From L to R Alan Barrow, Andile Maki, Dave Curran, Ted Gilfillan and Graeme Sholto Douglas
Estuary Care has for the last two years been facilitating boat transportation for Rangers from the Department of Agriculture Forestry and Fisheries (DAFF). These trips take place on a regular basis on both the Boesmans and Kariega Estuaries. The purpose of the trips has been to ensure a controlling presence regarding the use of fish and bait resources in the two estuaries.
What has been observed during these trips is that the general public’s knowledge of the rules and regulations regarding boats, fishing and bait is often limited and sometimes confused. In order to avoid unnecessary inconvenience, it is thought to be opportune that some of these learnings be shared before folk converge on the area for the holiday season.
The first is that there are very distinct differences in the management of Commercial and Recreational use of these natural resources. This article will focus on the recreational use only but one needs to be aware of the differences if there is any commercial angle to what you do.
One should also be aware that there are multiple authorities that have influence on what happens on our beaches and in our estuaries. We have DAFF (who look after fish and bait resources), the Dept of Environmental Affairs (use of natural resources), Ndlambe Municipality (local regulations) and the South African Police (law and order). Added to this there are Local, Provincial and National structures that could all have a role to play. One would therefore be well advised to establish exactly who you are dealing with should you have an interaction with a person who claims a position of authority.
Some of the lessons learnt from people who use the estuaries for recreational purposes are:
- You need to have a licence to have a craft on the estuary. These are obtainable from the Municipal Offices. If you wish to fish off your boat you must have another licence which allows this. Only one person on the boat needs to have this licence for the boat to be compliant and they are obtainable from the Post Office.
- The permit requirements for angling are more complex than just one simple licence for all activities. Depending on your particular preference and area where you are it is possible to have up to 13 different permits to make sure you are covered. The licences most relevant to the Kariega/Boesmans area are Angling, Spearfishing, Cast/Throw net, Marine Aquarium fishing, Scuba Diving, Mud Crab, Molluscs (includes octopus, squid, worms, mussels, oysters, prawns). Each category requires a separate permit and is obtainable from the Post Office.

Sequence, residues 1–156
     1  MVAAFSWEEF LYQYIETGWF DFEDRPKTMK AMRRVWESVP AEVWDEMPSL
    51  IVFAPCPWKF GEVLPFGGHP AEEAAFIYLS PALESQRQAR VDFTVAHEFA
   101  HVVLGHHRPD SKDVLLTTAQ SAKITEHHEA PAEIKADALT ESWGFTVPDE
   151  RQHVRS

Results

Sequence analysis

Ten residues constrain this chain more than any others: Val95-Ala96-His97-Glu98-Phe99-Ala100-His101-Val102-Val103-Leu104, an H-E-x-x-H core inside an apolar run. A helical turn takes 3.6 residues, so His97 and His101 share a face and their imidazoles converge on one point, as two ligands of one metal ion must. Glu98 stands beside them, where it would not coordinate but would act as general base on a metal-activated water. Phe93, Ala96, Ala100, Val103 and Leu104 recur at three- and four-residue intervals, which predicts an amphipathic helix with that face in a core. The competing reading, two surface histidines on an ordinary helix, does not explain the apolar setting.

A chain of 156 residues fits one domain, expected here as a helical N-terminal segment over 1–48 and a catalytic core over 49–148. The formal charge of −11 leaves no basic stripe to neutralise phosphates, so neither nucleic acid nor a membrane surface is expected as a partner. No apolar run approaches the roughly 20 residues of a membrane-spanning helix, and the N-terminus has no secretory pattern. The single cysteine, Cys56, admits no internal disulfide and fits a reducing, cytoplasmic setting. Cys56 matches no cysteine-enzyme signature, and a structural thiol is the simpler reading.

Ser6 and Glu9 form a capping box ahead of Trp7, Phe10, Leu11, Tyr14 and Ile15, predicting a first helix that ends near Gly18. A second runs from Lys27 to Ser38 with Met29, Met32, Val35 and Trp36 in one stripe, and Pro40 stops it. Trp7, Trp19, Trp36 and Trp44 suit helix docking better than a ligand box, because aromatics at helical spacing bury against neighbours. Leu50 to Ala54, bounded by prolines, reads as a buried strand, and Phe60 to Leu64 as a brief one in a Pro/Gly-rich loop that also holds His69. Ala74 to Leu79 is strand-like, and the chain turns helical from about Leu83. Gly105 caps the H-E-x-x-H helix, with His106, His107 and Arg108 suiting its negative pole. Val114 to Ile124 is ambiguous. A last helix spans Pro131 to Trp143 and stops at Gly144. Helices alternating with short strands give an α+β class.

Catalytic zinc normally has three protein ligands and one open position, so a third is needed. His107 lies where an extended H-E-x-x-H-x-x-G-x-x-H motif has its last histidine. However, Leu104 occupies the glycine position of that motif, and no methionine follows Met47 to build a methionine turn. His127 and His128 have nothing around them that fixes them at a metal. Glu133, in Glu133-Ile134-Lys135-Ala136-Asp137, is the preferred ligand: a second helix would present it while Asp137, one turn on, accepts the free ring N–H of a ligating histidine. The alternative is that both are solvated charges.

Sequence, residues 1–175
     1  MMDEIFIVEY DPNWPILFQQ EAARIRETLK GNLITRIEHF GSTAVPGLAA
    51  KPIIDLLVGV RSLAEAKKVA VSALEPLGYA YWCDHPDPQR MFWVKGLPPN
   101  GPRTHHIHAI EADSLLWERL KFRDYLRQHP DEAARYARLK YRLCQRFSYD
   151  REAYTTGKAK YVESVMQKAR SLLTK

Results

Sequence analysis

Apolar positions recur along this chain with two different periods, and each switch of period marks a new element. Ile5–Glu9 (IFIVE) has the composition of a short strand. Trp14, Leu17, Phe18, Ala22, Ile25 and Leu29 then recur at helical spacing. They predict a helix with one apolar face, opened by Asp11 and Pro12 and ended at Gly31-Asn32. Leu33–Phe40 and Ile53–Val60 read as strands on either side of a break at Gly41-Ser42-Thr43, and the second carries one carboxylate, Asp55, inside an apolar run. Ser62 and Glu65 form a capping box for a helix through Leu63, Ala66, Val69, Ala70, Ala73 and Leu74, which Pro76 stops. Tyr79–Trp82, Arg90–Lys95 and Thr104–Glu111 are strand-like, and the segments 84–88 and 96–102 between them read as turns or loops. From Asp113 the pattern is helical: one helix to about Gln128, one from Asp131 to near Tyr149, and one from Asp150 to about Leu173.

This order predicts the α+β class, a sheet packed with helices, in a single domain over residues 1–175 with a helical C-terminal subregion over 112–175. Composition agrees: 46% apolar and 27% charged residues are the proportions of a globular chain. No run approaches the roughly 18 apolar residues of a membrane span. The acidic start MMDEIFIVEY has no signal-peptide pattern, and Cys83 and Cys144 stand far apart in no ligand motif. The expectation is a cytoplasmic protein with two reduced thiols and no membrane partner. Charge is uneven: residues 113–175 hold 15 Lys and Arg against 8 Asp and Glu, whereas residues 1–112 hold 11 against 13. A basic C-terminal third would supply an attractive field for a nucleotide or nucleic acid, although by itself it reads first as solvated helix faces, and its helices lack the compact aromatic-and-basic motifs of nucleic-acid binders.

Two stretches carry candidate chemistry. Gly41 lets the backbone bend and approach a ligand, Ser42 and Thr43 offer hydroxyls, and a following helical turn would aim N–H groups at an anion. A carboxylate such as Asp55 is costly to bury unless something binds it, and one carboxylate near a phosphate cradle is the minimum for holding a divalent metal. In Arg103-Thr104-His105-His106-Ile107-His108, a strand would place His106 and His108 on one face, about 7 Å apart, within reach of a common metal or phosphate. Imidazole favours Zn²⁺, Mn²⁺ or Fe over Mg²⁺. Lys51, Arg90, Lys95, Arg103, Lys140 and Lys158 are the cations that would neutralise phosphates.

- There are size and quantity limits to fish and bait catches that should be known. Claiming ignorance does not get you very far if you are found in possession of illegal catches.
- There are primarily two types of people who collect bait and fish in the Boesmans and Kariega Estuaries. Recreational users who are likely to be many of the folk reading this article and people who fish to feed themselves on a daily basis. These are known as subsistence users and they need to follow a different path in order to get a permit which allows them to fish and collect bait. These permits are issued through a process of interaction the authorities have in the community.
- It is illegal to dig for bait with a spade and one may only use a pump to collect bait on the mud flats. It is also illegal to collect bait after sunset and before sunrise.
- The DAFF personnel see education on the importance of preserving our natural resources as their core purpose. If you are found not to have been as diligent as you should regarding compliance, it is a much better strategy to discuss constructively about how you will ensure you are compliant, rather than adopt a strategy of aggression, insult and bluster to try and work your way out of the matter. Their patience has limits and the fines that can be imposed can be very heavy.
Hopefully these practical lessons will add to you having a most enjoyable holiday while at the same time using the wonderful natural resources offered by the Boesmans and Kariega Estuaries in a responsible manner.
For further information about the boat volunteers program contact Dave Curran at email@example.com
Mr Andile Maki, the DAFF Chief Marine Conservation Inspector presented Certificates of Recognition to the volunteers who were present at an end of year function of the Estuary Care Committee. Unfortunately, some of the volunteers were unable to attend.